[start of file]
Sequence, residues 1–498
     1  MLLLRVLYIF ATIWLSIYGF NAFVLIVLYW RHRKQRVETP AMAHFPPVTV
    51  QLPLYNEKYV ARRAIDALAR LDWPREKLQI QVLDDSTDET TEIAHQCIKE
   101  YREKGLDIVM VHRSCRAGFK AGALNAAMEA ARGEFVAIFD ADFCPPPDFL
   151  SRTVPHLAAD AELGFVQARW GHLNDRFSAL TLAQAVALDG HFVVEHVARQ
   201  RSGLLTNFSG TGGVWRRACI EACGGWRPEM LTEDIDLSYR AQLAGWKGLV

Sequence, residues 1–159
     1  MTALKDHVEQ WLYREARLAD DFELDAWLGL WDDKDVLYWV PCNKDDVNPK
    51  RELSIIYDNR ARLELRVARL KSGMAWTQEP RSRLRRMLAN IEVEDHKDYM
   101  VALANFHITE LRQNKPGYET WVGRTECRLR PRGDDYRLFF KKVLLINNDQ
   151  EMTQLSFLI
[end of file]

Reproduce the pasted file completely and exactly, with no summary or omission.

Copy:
Sequence, residues 1–498
     1  MLLLRVLYIF ATIWLSIYGF NAFVLIVLYW RHRKQRVETP AMAHFPPVTV
    51  QLPLYNEKYV ARRAIDALAR LDWPREKLQI QVLDDSTDET TEIAHQCIKE
   101  YREKGLDIVM VHRSCRAGFK AGALNAAMEA ARGEFVAIFD ADFCPPPDFL
   151  SRTVPHLAAD AELGFVQARW GHLNDRFSAL TLAQAVALDG HFVVEHVARQ
   201  RSGLLTNFSG TGGVWRRACI EACGGWRPEM LTEDIDLSYR AQLAGWKGLV

Sequence, residues 1–159
     1  MTALKDHVEQ WLYREARLAD DFELDAWLGL WDDKDVLYWV PCNKDDVNPK
    51  RELSIIYDNR ARLELRVARL KSGMAWTQEP RSRLRRMLAN IEVEDHKDYM
   101  VALANFHITE LRQNKPGYET WVGRTECRLR PRGDDYRLFF KKVLLINNDQ
   151  EMTQLSFLI